5.2 Catching up, technology acquisition and governance capabilities
5.3 Governance and the management of political stability
6. Governance for growth: improving international development through Anglo-Japanese cooperation
1. Introduction: improving the governance behind economic growth
2. Governance for growth
3. Japanese development experience matters
4. The 'dialogue of the deaf' on industrial policy
5. Beyond political economy without politics
6. What is to be done? Japan's expertise on growth and the UK's on governance
7. The Japanese approach to growth support in developing countries: supporting dynamic capacity development
1. Introduction
2. Basic perspectives of Japanese approach to growth support: how does it differ from the Western approach?
3. Review of major growth studies and analytical tools
3.1 Growth diagnostics
3.2 Doing Business surveys and investment climate assessment
3.3 Good governance and the "two-part strategy" for an effective state
4. Approaches to growth support by major donors
4.1 The World Bank
4.2 The UK
4.3 The US
4.4 Germany
5. Japan's growth support approach: examples and complementarity with the Western approach
5.1 Concept of dynamic capacity development.
5.2 Examples of Japan's growth support
6. Conclusion
8. The quality and productivity improvement project in Tunisia: a comparison of Japanese and EU approaches
1. Introduction
2. Outline of the JICA project
2.1 Background
2.2 Objectives
2.3 Content and methodology
2.4 Considerations for the implementation of the JICA project
3. Comparison with the EU project
4. Feasibility of the transfer of Japanese technology
5. Conclusions
9. Strategic action initiatives for economic development: trade and investment promotion in Zambia
1. Introduction
2. Malaysia's experiences in industrialisation
3. The essence of the SAIED Programme and the concept of TOH
3.1 Triangle of Hope
3.2 Quadrant Strategy
3.3 Lessons for Africa based on Malaysia's experiences
4. Implementation of the SAIED Programme and TOH in Zambia
4.1 The Zambian economy
4.2 Adaptation of the TOH and the Quadrant Strategy by the government of Zambia
4.3 Project identification
4.4 Development of Multi-facility Economic Zones (MFEZ)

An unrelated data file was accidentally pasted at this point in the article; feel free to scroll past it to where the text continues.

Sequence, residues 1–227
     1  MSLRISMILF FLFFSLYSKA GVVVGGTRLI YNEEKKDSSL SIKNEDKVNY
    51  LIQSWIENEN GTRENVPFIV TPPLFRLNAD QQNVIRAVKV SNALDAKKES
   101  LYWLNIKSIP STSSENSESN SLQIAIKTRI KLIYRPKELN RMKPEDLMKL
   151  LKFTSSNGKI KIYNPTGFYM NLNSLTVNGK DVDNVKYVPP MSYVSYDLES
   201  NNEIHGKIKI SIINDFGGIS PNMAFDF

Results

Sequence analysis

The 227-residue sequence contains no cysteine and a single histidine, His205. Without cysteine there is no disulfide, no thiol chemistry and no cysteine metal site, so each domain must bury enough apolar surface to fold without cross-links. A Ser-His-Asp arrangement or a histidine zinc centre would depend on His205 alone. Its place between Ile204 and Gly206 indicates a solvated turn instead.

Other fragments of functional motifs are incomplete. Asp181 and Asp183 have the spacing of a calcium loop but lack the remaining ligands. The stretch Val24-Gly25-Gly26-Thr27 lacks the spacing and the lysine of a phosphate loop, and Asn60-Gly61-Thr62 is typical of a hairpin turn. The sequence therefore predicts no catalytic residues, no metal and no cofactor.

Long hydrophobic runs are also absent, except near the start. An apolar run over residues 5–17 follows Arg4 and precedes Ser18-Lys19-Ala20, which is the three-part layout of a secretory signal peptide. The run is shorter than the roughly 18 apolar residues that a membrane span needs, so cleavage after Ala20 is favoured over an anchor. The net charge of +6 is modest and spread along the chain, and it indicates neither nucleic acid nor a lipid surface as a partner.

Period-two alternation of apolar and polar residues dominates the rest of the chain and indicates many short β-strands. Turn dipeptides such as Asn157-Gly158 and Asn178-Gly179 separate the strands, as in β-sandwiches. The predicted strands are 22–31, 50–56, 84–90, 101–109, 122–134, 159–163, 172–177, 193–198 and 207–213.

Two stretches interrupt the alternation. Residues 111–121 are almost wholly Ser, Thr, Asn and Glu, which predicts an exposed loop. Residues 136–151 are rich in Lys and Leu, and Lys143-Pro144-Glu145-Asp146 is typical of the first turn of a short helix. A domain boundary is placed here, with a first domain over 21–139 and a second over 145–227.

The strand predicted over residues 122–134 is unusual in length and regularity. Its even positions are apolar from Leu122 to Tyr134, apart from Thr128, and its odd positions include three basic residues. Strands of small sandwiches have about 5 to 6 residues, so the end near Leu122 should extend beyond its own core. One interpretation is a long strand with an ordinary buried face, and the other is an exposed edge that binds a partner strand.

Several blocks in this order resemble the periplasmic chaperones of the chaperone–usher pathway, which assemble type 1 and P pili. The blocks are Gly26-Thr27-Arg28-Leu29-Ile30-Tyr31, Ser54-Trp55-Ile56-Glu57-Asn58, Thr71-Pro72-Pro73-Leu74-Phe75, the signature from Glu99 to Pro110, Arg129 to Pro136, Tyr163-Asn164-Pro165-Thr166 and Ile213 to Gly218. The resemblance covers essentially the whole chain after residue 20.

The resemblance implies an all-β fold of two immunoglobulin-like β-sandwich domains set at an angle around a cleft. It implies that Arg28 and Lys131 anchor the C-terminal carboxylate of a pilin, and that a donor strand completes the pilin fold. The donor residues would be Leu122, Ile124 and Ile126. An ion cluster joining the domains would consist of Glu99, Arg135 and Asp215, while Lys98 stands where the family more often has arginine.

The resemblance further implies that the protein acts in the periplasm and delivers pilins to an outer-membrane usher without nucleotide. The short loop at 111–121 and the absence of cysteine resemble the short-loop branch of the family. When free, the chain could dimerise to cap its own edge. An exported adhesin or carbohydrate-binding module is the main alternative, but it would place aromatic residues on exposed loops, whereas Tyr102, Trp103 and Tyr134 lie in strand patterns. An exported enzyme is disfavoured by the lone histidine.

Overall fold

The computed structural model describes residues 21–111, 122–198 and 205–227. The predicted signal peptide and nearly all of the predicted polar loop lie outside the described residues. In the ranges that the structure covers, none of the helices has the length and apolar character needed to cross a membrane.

5. Challenges ahead
10. Modeling and sharing Korean development expertise for African growth
1. Introduction
2. Attributes of Korean development as a model
2.1 Quantum leap in growth
2.2 Structural transformation: from subsistence to knowledge-based economy
2.3 Rapid growth with equity
3. The relevance and applicability of the Korean development model to Africa
3.1 Factors coinciding with the Korean development model to Africa
3.2 Fitting the Korean development model to Rwanda
3.3 The author's experience as policy advisor in Rwanda
4. Korean mechanism of sharing development expertise
4.1 Overview of Korea's ODA
4.2 Legal framework and organizational structure of Korean ODA
4.3 ODA resource allocation.
4.4 Priority areas of Korean ODA
4.5 Dissemination of Korea's development experiences
5. Concluding remarks: two contrasting views in policy transfer
(1) Can we replicate the Korean development model in Africa?
(2) It is generally accepted that there is no royal road in development
11. The relationship between aid and economic growth: what aid strategy should the Government of Uganda promote?
1. Introduction
2. Literature review
Paradigm 1: An aid-financed 'big push'
Paradigm 2: Aid works in a good policy environment
Paradigm 3: The type of aid matters
Summary and lessons learned from the literature
3. Case study analysis
Comparing the UK and Japan using aid effectiveness indicators
Comparing the UK and Japan by aid composition
4. Discussion and analysis
Aid effectiveness and growth
Composition of aid flows
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Local notes:
Electronic reproduction. Ann Arbor, Michigan : ProQuest Ebook Central, 2021. Available via World Wide Web. Access may be limited to ProQuest Ebook Central affiliated libraries.
Ohno, Izumi.
Other format:
Print version: Ohno, Kenichi Eastern and Western Ideas for African Growth